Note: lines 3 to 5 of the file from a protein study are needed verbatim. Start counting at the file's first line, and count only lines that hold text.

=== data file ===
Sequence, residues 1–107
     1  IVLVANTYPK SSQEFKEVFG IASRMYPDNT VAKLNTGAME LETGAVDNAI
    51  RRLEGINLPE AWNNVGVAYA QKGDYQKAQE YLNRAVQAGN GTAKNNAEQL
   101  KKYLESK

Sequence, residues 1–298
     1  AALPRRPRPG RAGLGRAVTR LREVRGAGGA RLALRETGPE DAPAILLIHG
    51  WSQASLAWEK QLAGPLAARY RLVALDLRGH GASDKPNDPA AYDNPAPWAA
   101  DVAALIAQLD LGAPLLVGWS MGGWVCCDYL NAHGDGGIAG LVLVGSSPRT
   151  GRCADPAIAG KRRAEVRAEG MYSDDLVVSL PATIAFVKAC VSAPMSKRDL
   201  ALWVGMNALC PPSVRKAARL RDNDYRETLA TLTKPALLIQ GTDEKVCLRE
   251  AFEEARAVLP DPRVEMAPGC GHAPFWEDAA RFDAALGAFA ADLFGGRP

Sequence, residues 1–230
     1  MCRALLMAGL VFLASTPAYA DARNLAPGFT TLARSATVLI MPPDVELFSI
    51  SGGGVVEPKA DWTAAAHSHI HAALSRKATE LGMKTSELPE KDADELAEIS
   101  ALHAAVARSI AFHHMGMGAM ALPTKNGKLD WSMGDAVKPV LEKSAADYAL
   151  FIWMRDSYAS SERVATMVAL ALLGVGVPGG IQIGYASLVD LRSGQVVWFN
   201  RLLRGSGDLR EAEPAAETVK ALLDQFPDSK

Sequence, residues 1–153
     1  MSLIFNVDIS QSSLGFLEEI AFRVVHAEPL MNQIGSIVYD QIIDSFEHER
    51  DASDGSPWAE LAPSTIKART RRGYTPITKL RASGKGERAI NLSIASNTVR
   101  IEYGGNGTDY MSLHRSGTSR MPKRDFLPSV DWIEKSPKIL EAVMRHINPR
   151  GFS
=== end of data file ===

    51  RRLEGINLPE AWNNVGVAYA QKGDYQKAQE YLNRAVQAGN GTAKNNAEQL
   101  KKYLESK

Sequence, residues 1–298